The first stage of the digital transformation of diplomacy has been an astonishing success. For a profession with an inbuilt propensity for cultivating tradition, defending institutional hierarchy, and resisting change, the rise of digital diplomacy has been nothing short of a revolution. Within less than a decade since the launch of the first social media networks, 90 percent of all UN member states have established a Twitter presence, and 88 percent have opened a Facebook account with a combined audience of 325 million and 255 million respectively of followers, likes and users. A growing number of Western embassies are also operating on Chinese social media platforms and some of them are using these digital tools with great success. Driven by the opportunity to engage with millions of people, in real time, and at minimal costs, foreign ministries, embassies and diplomats have developed a constellation of new tools and methods in support of their activities. They range from the use of dedicated platforms for engaging with diaspora communities and foreign publics, communication with nationals in times of international crises, to the development of consular application for smartphones.
As we are now about to enter a more sophisticated phase of the Digital Age, it is important to ask ourselves how the emerging digital technologies may shape the next stage of digital diplomacy. Mixed Reality technology (MR), which blends real and virtual worlds, is, for instance, one area that has been developing at a fast pace with the promise to transform how industry operates in various sectors. What MR may add to digital diplomacy is the possibility for audiences not only to read or visualise messages communicated by foreign ministries and embassies, but also to virtually experience their public engagement and outreach activities. A well-designed and exciting immersive experience of the opening ceremony of the Winter Olympics to take place in Beijing in 2022 could have, for instance, significant soft power implications. Augmented reality systems (AR) could also prove useful for creating highly interactive public diplomacy campaigns or for tailoring consular services to individual needs, possibly in combination with iBeacon technology.
Benefiting from strong demand for geospatial data and imagery, paired with the reduction of costs for building, launching and maintaining constellations of satellites, satellite remote sensing (SRS) is another technology that promises to push the boundaries of how diplomacy operates in the digital age. Data mined from satellite images could be particularly useful, for instance, to foreign ministries for managing natural or human-made disasters in real time. Satellite technology was, for instance, a key instrument used by the World Health Organization (WHO) and Western diplomats to assist in the management of the 2014 Ebola crisis in West Africa. The satellite images made available by the International Charter for Space and Major Disasters, an international agreement between space agencies to provide free satellite images in the immediate aftermath of natural or human-made disasters, helped international teams characterize where and how to deploy overseas medical staff and their support bases.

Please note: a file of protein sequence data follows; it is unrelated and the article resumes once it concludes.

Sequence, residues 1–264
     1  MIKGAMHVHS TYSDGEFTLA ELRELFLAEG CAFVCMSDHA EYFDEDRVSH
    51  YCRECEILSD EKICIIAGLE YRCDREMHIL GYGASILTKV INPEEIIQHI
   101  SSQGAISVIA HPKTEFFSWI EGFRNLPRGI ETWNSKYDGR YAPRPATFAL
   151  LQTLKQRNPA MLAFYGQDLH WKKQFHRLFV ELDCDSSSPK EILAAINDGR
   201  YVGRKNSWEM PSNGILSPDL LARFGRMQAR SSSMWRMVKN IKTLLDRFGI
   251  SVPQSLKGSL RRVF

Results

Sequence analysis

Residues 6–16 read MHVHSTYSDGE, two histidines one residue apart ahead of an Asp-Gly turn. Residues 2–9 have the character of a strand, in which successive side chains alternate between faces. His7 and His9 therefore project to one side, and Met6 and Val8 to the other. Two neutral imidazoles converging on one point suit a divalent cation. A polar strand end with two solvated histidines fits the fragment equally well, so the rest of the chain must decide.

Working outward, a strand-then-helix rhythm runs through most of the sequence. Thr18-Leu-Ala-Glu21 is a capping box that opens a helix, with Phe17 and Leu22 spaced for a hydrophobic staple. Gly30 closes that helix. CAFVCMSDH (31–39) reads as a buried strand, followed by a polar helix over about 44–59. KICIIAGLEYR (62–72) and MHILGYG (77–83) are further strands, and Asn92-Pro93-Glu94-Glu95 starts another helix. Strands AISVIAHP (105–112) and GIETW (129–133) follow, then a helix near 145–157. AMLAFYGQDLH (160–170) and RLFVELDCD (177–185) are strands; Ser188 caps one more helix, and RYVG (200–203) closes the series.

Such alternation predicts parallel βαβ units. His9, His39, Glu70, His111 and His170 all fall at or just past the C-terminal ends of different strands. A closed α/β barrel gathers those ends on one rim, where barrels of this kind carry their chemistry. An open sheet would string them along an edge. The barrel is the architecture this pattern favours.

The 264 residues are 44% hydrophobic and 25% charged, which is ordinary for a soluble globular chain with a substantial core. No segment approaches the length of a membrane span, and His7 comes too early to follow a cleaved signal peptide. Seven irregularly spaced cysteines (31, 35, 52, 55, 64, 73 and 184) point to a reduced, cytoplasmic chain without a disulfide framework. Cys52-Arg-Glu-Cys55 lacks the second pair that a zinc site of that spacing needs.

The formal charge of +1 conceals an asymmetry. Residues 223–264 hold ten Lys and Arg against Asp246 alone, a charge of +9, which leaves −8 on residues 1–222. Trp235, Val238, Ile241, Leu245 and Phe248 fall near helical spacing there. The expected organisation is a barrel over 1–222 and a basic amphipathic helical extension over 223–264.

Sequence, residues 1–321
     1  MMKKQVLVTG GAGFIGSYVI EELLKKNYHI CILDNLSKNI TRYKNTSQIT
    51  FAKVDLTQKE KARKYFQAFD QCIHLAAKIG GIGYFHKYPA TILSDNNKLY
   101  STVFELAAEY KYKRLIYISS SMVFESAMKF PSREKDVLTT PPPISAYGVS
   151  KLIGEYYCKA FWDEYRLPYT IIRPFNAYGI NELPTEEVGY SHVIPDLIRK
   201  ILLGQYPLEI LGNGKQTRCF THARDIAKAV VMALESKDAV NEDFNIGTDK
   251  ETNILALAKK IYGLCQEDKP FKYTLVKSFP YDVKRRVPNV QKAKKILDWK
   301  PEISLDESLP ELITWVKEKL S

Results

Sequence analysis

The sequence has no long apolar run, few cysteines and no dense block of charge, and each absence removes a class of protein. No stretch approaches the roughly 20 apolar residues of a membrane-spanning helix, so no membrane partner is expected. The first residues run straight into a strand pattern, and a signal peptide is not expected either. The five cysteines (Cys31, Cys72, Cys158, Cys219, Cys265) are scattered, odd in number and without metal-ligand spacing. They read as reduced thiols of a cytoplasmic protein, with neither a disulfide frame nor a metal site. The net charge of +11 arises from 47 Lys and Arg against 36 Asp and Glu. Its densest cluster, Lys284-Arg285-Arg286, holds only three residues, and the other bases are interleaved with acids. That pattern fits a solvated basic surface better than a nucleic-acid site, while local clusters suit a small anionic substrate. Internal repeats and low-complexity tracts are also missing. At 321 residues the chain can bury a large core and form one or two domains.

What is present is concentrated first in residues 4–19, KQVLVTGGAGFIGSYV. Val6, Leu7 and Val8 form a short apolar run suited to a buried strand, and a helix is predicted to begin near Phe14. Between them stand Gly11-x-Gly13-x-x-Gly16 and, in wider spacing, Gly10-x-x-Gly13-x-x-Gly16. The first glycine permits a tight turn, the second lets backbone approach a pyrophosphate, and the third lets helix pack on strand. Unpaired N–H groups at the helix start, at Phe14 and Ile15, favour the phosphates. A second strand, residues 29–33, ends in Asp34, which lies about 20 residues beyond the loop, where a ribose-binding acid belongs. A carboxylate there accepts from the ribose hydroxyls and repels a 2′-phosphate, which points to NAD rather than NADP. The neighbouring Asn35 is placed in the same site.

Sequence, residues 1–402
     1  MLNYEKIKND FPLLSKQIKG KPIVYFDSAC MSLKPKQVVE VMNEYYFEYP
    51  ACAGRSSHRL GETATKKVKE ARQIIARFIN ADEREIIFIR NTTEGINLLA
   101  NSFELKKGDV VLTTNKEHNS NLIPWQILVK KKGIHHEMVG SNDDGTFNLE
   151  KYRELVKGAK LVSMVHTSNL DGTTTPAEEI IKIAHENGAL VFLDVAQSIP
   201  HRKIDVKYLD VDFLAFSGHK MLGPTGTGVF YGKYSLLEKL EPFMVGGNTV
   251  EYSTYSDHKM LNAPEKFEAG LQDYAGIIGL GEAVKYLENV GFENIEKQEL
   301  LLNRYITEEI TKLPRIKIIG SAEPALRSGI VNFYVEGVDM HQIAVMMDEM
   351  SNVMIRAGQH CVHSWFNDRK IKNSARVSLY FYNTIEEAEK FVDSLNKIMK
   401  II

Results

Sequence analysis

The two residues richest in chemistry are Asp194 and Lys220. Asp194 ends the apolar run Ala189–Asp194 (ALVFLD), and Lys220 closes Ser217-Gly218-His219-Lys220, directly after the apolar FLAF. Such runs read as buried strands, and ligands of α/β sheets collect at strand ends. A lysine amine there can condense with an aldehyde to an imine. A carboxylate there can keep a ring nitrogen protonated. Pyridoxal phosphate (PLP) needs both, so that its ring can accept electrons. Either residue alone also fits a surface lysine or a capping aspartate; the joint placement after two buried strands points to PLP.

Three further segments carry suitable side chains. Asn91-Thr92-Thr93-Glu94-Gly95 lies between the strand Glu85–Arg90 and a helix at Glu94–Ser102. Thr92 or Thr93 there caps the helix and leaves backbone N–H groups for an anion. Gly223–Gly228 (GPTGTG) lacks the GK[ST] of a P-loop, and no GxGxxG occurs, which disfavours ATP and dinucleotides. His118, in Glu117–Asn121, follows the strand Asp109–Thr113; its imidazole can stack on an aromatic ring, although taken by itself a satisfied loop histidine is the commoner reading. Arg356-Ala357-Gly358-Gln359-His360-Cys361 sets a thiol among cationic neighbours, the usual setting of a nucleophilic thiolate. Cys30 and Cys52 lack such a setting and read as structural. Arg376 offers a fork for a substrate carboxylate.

Artificial Intelligence (AI), which refers to the concept of machines being able to carry out tasks without constant input and monitoring from humans, is another breakthrough technology with potentially significant impact for the practice of diplomacy. The fourth Industrial Revolution is actually premised on the very idea of AI disrupting the velocity, scope, and systems impact of the technological transformation of the global economy. While the possibility of creating a robo-diplomat in the near future is quite limited, artificial intelligence has nevertheless made steady progress in consular affairs. At the lower end of the complexity scale, chat-bots now assist with visa applications, legal aid for refugees, and consular registrations. Sophisticated algorithms are also being developed by foreign ministries to advance the spread of positive narratives and inhibit online disinformation. One would also expect AI powered analytics to soon become an indispensable tool for embassies by helping them better tailor and fine-tune their bilateral or multilateral diplomatic approach. Predictive analysis using big data may offer a comprehensive, in-depth and real-time understanding of the local conditions in which embassies operate.
It is arguably too early to pass judgement on the success of the second wave of digital diplomatic disruption, as the balance between the drivers and counter-drivers of Digital Diplomacy 2.0 remains fragile. Cooperative endeavours supported by interconnected tech ecosystems and strong demand for digital services will create a conducive environment for further digital transformation, while confidence-eroding strategies such as disinformation and propaganda will likely push the needle in the opposite direction. The intriguing question that we need to ask is what will diplomacy look like if the second stage of the digital transformation is successful.
The article was first published as an op-ed in Global Times